10. 10. Collagen fibrils ❖Collagen fibril : • Triple helical molecules are associated into Collagen fibrils. • It consists of recurring polypeptide subunits called tropocollagen, arranged head to tail in parallel bundles . The heads of the tropocollagen molecules are staggered along the length of fibers ,accounting for the characteristic 64 nm spacing of the cross striations in most collagens . • A section of tropocollagen molecule shows the backbone of triple helix . Each of three polypeptide chains of tropocollagen is itself -helix whose pitch and spacing is determined by the rigid R group of the numerous Proline and hydroxyproline residue . • The gap between the end of one triple helix and the beginning of the next where there is the deposition of hydroxyapatite crystals in bone formation.
  11. 11. Constituent amino acids of triple stranded helix Structure of Collagen • ScvConstituent amino acids of Collagen % of total amino acids Glycine 33 Proline and hydroxy proline 21 Lysine and hydroxy Lysine 3 Alanine 11 Arginine 5 Cysteine and Tryptophan absent Scurvy:vitaminCdeficiency→failure ofhydroxylationofProlineandLysineleadstoreducedhydrogen bonding→weaknessofcollagen→Brittlebonedisease:mutation→replacementofcentralGlycine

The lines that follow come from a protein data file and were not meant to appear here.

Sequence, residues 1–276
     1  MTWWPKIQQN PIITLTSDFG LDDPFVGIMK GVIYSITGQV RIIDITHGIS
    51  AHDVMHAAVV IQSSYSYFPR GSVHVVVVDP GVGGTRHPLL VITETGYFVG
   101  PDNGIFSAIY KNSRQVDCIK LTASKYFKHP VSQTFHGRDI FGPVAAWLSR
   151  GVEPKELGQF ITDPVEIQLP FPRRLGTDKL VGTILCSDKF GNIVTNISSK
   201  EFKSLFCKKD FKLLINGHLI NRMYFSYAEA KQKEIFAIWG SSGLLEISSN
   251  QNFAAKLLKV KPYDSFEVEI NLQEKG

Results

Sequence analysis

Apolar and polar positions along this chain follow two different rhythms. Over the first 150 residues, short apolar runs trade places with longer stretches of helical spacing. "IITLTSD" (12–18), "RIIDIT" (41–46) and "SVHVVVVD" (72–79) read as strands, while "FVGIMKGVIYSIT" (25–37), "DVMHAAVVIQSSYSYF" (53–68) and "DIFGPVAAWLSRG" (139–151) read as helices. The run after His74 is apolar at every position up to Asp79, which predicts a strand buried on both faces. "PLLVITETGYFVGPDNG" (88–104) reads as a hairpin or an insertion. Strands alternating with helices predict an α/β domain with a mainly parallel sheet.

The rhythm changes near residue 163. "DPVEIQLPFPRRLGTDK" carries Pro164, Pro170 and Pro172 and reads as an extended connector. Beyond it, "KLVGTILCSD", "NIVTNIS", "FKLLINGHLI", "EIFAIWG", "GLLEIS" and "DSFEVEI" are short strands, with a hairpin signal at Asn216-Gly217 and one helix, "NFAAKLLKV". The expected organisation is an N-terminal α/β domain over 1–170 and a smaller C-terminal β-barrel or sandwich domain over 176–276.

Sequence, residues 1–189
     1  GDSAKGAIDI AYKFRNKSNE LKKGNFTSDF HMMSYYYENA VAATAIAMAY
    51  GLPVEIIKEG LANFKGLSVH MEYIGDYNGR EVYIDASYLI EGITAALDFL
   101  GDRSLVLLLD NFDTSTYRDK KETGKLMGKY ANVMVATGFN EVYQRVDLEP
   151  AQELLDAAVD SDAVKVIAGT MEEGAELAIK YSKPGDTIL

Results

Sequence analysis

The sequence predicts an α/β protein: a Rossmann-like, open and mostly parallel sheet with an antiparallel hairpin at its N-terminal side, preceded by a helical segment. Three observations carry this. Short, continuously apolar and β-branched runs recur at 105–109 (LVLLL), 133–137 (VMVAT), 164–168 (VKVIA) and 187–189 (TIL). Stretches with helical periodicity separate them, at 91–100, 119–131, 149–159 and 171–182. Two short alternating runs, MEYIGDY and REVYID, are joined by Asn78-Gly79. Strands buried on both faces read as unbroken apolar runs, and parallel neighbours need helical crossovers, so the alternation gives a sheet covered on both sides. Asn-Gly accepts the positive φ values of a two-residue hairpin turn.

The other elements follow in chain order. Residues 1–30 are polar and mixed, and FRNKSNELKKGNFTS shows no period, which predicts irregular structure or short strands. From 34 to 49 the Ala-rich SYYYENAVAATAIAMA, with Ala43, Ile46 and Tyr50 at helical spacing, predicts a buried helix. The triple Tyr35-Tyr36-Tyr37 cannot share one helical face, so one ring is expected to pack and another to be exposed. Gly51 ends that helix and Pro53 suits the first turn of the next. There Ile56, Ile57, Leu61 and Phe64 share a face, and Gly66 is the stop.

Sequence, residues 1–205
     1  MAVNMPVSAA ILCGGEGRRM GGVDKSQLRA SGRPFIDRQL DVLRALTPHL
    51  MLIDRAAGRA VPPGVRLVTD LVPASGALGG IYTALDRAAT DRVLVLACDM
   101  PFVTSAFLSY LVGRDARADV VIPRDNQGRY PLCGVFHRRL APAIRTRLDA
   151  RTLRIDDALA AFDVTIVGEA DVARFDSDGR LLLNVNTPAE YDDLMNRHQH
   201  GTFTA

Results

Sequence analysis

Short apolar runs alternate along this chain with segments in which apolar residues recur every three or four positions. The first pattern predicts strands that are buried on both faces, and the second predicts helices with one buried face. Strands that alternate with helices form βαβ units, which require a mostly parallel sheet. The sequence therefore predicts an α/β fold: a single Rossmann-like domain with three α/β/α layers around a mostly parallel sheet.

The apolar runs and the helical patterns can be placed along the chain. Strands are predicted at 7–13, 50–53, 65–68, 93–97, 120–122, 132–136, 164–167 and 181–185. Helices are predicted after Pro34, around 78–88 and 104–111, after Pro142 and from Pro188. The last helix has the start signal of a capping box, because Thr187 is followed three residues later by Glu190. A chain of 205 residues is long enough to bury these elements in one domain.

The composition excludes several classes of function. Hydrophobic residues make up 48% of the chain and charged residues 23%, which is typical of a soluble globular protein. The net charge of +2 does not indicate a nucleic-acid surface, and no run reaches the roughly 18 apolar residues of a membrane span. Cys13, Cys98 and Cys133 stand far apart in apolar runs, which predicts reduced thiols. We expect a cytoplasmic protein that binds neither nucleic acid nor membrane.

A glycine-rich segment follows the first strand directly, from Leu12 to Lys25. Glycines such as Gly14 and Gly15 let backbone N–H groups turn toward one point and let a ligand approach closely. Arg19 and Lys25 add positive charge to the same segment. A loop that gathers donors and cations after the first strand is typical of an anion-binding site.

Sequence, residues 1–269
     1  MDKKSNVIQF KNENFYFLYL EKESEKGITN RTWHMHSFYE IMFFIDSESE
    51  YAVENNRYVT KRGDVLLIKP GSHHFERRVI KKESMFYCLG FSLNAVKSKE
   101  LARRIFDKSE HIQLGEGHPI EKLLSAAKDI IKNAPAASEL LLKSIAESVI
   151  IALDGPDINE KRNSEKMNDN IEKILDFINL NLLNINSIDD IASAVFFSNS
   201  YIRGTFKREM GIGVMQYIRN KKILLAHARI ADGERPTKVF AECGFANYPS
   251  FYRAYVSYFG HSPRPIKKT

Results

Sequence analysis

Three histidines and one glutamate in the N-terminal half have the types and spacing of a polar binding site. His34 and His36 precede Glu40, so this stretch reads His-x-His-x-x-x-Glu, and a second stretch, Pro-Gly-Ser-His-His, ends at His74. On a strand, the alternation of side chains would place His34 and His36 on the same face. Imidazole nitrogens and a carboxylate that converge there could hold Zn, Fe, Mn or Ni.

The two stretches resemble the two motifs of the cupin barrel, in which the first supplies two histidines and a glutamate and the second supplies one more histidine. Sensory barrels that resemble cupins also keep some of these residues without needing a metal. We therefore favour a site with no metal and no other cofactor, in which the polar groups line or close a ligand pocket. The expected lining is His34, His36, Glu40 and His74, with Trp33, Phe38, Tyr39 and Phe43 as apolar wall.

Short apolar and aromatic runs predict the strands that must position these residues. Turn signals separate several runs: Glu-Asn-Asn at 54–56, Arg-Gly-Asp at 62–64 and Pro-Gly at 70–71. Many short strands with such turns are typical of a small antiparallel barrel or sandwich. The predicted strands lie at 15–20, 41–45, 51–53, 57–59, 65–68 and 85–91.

12. 12. Triple helical secondary structure of Collagen
  13. 13. Forces stabilizing Triple helical secondary structure of Collagen ❖Forces stabilizing Triple helical secondary structure of Collagen: 1. Hydrogen bonds : three left handed helices are bound together by interchain hydrogen bonds. 2. Lysinonorleucine bond: covalent cross links both within and between triple helical units further stabilize Collagen fibers. 3. Electrostatic interactions 4. Hydrophobic interactions
  14. 14. Covalent cross-links in Collagen fibers • Strength of Collagen Fiber : contributed by covalent cross linking formed between Lysine and hydroxylysine and also between Proline and hydroxyproline. • Covalent cross links are formed both within and between triple helical units further stabilize Collagen fibers. • The degree of covalent cross-linking in Collagen molecule increases with age . • In Elder individuals : skin, blood vessels (Collagen containing tissue) become less elastic and more stiff → health complications
  15. 15. Skin :Collagen containing tissue In Elder individuals , skin, blood vessels (Collagen containing tissue) become less elastic and more stiff → health complications
  16. 16. Collagen and calcific aortic valve stenosis(CAVS)